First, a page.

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Title: General practitioners approach to diagnosis, disclosure and management of dementia in the Maltese islands
Authors: Caruana Puplan, Oana
Keywords: Alzheimer's disease -- Malta
Dementia -- Malta
Physicians (General practice) -- Malta
Diagnosis -- Malta
Issue Date: 2010
Citation: Caruana Pulpan, O. (2010). General practitioners approach to diagnosis, disclosure and management of dementia in the Maltese islands (Master's dissertation).
Abstract: National Dementia Strategies abroad suggest that early detection of Alzheimer's disease (AD) and other dementias in the community depends on an improved knowledge of the condition among general practitioners (GPs). There is no data on clinical diagnosis and management of dementia in the community in the Maltese islands. The aim of the study was to assess if further training is required for local GPs to approach better diagnosis and management of dementia, with particular interest on AD. A total of 346 questionnaires were mailed to members of the Malta College of Family Doctors (MCFD), of which 131 were valid. Questions were sectioned in four main data groups: demographic, diagnosis, disclosure and treatment. The majority of GPs (76.0%) called for a national protocol for diagnosis of dementia and AD and felt they need more training (56%). Loss of memory (90%) and behavioral symptoms (77%) were the symptoms which made GPs most likely to suspect dementia. On suspicion of cognitive impairment, a general physical examination and interview with the family were the first two actions taken in the majority of cases. One in ten GPs adopted a wait and observe approach, with close follow-up every two to four months and referral to specialist was overall considered late. The majority of GPs (89%) agreed that early diagnosis of AD may postpone or preclude costly institutionalization. Psychometric tests were considered to be useful for assessing the severity of dementia (55%) with few (27%) commenting that they are not readily available in community practice. Most GPs preferred to exclude a number of other conditions which may cause cognitive impairment in their work-up although only 39% correctly excluded all other possible differentials listed. Moreover, local GPs took a cautious approach towards disclosure and communicated diagnosis only if sure of it. Those who were routinely disclosing amounted to just below a third with only a fifth believing this was of any benefit. The results also showed that disclosure consultation generally focused onto medical issues like prognosis and progression of the condition (86%) but also included caregivers' health issues. On pharmacotherapeutic management, half of the GPs would consider acetylcholinesterase inhibitors (AChEIs) in mild cognitive impairment. Psychotropic drug use was found to be low. Aims of treatment were delay In institutionalization (67%) and maintenance of functional ability (60%). Only a third believed that AChEIe; should be prescribed only by relevant specialists and 65% had a tendency to prescribe them in the community. Follow-up is close to every two to four months (69%) with the rest opting for a six to eight monthly period. Domiciliary home help (85%) and Telecare services (81 %) were mostly recommended by GPs to aid their patients and caregivers even though these are of no particular benefit for disease management. Non-pharmacological approaches to managing people with AD were met by the highest rate of absenteeism. Of these, multisensory stimulation was the one which was mostly recommended (53%). The data from this study indicated that there is not enough knowledge on the diagnosis, disclosure, management and treatment of dementia, particularly AD, among the Maltese and Gozitan GPs. Furthermore, such data would be of benefit in the development of an on-going educational training programme on dementia involving GPs that would invariably lead to an enhancement of high quality dementia care within the community. Key words: Alzheimer's disease, dementia, general practitioner, diagnosis, disclosure, management, Malta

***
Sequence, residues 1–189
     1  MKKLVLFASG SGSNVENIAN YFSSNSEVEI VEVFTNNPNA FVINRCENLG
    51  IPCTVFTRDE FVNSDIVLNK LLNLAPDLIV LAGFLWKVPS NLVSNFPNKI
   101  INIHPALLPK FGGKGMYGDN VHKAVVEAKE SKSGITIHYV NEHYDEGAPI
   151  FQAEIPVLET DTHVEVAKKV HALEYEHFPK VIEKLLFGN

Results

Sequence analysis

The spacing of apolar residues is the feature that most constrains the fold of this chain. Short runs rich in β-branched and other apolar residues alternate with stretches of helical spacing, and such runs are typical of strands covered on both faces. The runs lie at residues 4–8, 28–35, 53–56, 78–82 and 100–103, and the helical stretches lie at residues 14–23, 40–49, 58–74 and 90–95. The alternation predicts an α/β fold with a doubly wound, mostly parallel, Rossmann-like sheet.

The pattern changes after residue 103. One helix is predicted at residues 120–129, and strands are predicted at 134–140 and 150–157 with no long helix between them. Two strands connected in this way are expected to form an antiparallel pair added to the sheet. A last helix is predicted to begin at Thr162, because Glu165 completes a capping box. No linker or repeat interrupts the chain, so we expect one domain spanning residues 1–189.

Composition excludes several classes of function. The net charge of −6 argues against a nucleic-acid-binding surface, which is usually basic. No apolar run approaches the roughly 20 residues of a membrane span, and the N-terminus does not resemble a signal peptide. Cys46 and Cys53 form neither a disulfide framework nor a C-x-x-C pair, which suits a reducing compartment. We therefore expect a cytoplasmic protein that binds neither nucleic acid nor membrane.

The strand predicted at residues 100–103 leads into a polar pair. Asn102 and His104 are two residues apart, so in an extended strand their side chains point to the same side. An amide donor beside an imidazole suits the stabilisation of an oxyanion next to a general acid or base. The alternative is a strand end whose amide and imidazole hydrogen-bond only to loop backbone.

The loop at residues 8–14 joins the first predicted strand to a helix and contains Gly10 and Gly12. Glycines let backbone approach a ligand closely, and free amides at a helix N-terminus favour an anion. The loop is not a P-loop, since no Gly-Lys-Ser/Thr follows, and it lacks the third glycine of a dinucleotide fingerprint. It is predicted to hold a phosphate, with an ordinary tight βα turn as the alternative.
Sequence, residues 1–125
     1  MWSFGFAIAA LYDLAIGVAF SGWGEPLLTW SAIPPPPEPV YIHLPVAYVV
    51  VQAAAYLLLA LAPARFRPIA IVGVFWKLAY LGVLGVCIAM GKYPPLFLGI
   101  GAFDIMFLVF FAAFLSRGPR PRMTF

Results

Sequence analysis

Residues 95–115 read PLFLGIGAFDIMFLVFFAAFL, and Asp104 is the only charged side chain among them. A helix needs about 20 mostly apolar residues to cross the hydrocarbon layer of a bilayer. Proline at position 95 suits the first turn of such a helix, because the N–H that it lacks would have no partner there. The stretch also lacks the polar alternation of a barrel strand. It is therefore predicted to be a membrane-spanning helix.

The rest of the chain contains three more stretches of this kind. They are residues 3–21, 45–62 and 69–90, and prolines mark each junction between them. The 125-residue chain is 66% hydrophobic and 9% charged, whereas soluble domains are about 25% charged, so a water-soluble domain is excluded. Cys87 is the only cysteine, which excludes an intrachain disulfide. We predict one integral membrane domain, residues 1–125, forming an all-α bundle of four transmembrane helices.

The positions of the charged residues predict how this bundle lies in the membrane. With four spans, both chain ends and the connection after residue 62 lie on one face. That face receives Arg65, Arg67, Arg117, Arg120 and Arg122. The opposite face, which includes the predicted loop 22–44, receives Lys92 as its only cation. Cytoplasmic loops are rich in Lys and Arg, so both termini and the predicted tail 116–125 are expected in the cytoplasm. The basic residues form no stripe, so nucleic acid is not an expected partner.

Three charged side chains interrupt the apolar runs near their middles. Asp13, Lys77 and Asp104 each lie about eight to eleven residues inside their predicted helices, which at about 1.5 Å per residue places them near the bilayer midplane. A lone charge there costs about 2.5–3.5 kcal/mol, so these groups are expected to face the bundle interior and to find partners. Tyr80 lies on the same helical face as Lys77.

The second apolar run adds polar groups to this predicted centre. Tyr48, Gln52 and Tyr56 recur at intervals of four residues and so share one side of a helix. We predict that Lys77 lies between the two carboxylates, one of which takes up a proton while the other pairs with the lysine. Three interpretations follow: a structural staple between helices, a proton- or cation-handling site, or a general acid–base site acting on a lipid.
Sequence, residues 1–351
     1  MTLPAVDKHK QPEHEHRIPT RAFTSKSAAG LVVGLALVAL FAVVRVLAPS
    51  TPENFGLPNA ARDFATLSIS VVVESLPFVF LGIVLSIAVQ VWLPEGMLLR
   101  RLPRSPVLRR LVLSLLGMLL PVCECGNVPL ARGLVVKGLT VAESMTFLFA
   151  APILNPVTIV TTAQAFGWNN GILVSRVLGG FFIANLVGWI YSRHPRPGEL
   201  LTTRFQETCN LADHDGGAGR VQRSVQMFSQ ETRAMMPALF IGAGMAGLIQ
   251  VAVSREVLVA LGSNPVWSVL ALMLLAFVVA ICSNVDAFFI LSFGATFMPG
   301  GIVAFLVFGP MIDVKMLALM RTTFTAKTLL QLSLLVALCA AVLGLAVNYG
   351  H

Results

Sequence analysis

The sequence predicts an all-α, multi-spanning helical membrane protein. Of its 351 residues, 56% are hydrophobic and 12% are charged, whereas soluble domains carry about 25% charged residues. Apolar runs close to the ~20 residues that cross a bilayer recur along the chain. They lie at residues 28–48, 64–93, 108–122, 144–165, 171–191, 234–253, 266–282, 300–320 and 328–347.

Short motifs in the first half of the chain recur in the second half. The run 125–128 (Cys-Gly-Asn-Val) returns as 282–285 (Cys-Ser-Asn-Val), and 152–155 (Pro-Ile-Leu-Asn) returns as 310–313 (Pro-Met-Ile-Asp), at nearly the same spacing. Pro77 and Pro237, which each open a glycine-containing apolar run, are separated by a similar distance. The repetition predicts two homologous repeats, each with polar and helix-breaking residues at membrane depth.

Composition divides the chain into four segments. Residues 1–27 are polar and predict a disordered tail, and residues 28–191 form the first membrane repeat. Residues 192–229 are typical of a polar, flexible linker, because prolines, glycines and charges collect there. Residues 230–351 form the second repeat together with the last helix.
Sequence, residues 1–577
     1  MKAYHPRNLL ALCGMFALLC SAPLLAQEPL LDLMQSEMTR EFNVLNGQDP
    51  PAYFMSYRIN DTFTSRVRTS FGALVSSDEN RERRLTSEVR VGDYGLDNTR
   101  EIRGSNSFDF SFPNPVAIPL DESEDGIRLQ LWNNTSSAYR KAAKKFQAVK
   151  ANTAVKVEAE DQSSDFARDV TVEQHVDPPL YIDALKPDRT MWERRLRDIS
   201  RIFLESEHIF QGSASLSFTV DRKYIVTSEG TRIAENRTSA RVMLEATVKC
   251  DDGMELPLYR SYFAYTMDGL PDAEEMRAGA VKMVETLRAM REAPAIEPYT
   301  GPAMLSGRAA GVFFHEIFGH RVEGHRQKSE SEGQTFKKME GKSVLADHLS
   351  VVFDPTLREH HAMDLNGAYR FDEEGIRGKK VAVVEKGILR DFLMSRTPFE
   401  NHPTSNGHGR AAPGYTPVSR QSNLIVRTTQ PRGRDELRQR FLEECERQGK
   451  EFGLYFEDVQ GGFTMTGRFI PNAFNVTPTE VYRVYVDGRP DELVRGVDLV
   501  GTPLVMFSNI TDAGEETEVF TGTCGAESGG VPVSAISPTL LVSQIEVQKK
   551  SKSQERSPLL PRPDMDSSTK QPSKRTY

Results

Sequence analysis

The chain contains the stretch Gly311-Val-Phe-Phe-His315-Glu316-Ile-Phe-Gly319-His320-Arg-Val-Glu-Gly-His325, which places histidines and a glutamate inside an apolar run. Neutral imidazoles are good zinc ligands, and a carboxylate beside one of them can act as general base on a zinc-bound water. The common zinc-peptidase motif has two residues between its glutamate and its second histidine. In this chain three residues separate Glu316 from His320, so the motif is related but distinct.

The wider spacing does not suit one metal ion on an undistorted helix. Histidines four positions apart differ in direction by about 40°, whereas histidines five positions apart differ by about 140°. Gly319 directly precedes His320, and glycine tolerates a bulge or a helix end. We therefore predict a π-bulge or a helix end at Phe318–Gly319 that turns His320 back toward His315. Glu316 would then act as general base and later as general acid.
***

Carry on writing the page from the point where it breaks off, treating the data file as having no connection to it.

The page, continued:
Appears in Collections:Dissertations - FacM&S - 2010
Dissertations - FacM&SCPT - 2010

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